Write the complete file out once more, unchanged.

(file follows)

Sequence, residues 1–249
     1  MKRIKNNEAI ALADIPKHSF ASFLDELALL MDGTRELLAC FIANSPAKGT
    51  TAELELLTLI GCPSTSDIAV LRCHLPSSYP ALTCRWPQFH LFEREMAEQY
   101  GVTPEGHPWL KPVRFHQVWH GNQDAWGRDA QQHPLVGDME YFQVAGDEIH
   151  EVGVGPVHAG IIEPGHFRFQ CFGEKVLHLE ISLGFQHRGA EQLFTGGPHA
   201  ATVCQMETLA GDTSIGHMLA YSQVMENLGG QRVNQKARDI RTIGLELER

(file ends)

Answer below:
Sequence, residues 1–249
     1  MKRIKNNEAI ALADIPKHSF ASFLDELALL MDGTRELLAC FIANSPAKGT
    51  TAELELLTLI GCPSTSDIAV LRCHLPSSYP ALTCRWPQFH LFEREMAEQY
   101  GVTPEGHPWL KPVRFHQVWH GNQDAWGRDA QQHPLVGDME YFQVAGDEIH
   151  EVGVGPVHAG IIEPGHFRFQ CFGEKVLHLE ISLGFQHRGA EQLFTGGPHA
   201  ATVCQMETLA GDTSIGHMLA YSQVMENLGG QRVNQKARDI RTIGLELER